10 Guidelines to Include in your Social Media Policy

Creating a social media policy can be confusing. For one thing, it’s not one-size-fits-all. A policy can take many different shapes based on your goals and the group who will be using it. Some policies are highly tactical, some are full of legalese and some are nothing more than common-sense guidelines.

But, whatever form it takes, a social policy is important: It sets expectations for behavior, helps prevent a PR crisis, and can give you legal recourse against employee actions.

Before you dive in, think first about your purposes: What are trying to create? To get you started, let’s walk through three common types of policies you might explore.

A policy template for every need

HR social media policy: Marketing may have a hand in its creation, but this type of policy is often managed by HR to ensure employees know how they should use social media on company time. A 2012 Altimeter Report shows that 56% of companies have an employee policy on social media.

Policy on corporate use of social media: Some companies have many corporate users of social who update regularly on the company’s behalf. This requires a more robust policy – and should be paired with training – than what you might create for the average employee.

Social policy for customers: This is policy that gives your online community expectations for behavior. For example, Cleveland Clinic’s policy warns against posting personal health information on CC sites. Only 38% of companies have a policy for customers.

A Real-Life Example: Creating an Agent Social Media Policy Template

Do you have a number of employees who update for the company? It’s likely you need the second type we mentioned – a policy for corporate use.

This was the case for American Family Insurance. Collin Kromke, one of the company’s social media administrators, recently joined us on a webinar to talk about their agent social media program. The thousands of American Family agents who update on behalf of the brand were initially bound to an HR social policy, but Collin soon realized the need for a separate policy.

“Employee policies focus on things like appropriate use during business hours. With our agents, that doesn’t really apply, “ said Collin. “These people are independent business owners. What they do with their time is up to them. With agents, every post or comment is subject to compliance and archiving requirements. We needed a policy just for them.”

So, Collin crafted a policy that contains everything from the usual reminders to follow copyright guidelines to unique stipulations that give American Family the right to shut down dormant agent pages that may be a poor reflection on the agent and company.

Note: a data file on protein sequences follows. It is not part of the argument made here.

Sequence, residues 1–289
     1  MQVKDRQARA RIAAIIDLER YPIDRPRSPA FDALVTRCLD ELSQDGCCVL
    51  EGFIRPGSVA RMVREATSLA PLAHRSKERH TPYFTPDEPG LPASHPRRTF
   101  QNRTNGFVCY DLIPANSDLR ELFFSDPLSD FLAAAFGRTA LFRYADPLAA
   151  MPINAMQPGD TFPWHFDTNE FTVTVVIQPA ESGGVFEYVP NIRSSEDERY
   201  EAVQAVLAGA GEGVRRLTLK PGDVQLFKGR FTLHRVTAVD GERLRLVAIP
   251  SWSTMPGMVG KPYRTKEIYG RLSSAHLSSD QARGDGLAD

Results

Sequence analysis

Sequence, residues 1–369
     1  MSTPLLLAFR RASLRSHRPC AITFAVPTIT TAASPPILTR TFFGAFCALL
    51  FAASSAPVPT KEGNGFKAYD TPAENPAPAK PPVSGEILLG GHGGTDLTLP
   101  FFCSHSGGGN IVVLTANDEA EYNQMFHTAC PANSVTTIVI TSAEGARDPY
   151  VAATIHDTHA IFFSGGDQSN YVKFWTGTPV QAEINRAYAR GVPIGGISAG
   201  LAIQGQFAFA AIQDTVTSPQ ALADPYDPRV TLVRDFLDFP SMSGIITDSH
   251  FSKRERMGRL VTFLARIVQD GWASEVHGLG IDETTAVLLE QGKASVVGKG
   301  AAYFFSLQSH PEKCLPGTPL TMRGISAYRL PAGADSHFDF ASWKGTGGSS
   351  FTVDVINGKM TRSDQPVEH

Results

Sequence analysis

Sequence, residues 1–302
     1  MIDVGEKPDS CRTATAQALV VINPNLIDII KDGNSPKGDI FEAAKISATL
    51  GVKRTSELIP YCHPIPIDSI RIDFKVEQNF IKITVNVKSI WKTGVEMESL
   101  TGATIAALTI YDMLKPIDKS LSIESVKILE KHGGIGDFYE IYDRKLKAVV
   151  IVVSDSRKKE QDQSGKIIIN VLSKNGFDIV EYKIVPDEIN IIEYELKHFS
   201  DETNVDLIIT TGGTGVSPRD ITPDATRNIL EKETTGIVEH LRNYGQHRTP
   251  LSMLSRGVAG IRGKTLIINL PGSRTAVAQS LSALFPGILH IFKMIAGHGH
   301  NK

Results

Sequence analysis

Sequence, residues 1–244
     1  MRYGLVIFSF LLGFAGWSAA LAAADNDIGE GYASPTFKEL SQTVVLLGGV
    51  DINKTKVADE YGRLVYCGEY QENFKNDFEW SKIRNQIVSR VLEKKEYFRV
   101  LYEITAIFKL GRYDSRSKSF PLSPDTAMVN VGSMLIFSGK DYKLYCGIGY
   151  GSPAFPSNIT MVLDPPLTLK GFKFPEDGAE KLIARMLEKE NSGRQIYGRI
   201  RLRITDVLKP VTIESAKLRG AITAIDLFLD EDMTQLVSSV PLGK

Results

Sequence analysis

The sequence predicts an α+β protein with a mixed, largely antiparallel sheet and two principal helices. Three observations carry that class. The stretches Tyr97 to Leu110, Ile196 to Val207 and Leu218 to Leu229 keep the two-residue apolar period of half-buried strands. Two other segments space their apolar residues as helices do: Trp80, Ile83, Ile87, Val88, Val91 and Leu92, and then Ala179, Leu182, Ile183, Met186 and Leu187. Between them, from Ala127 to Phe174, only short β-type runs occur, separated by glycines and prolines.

The results? Collin says the agents appreciate the social policy and its guidelines. You can see some of the specific guidelines from his policy below.

10 Things to Include in Your Social Policy

OK, here’s what you clicked here for: 10 guidelines that we recommend you (and all companies) should include in a social media policy.

1) Prohibit the sharing of confidential information.
Set boundaries for what company information can be shared online. Remind (or even link) users to the confidentiality agreements they’ve signed.

2) Encourage employees to identify themselves as representatives of the company. American Family encourages people to do this in both their employee and agent social media policies. “We ask agents to be transparent anytime they’re talking about the company or products, so people are clear you’re speaking from that role,” says Collin.

3) Update people on copyright laws.
With the abundance of free online media, such as Google images, it’s important to remind people there are rules about how they use it.

4) Avoid engaging in arguments or debates.
When employees get in flame wars, it can cast your company in a negative light. Remind people to be respectful by including a guideline similar to American Family’s:  “Do not engage in arguments or post inflammatory comments or statements in response to any negative or derogatory comments about American Family, its employees, agents or products.”

5) Set boundaries to protect customers.
This is important if your employees deal with customers regularly.Identify exactly howemployees are allowed to talk about customer interactions online – for example, can they post customer receipts? 

6) Refer back to your company’s code of conduct and ethics policy.
Chances are you have other documentation about employee behavior. The same rules stand on social.  Make the connection back to these documents.

7) Remind about proper social etiquette.
You may want to remind employees who post on behalf of the company tomind their social P’s & Q’s. American Family encourages agents to avoid “over-selling” by stating,“Do not make more than one explicit request for a client or prospect to connect with you or your agency on a social media site in a 90-day period.”

8) Don’t forget the permanence of the Internet.
As the quote goes, “The Internet’s not written in pencil, it’s written in ink.”

9) Instruct employees on when they can use the company name within their social usernames (if at all.)
Provide clear rules and an internal contact to speak to on how and when they can set up a corporate-sanctioned account.

10) Offer assistance and training.
Instruct people where they can learn more about social media and the policy. Even better, hold regular company trainings like Dell.

For more tips and resources on creating your social media policy, watch our webinar featuring American Family Insurance.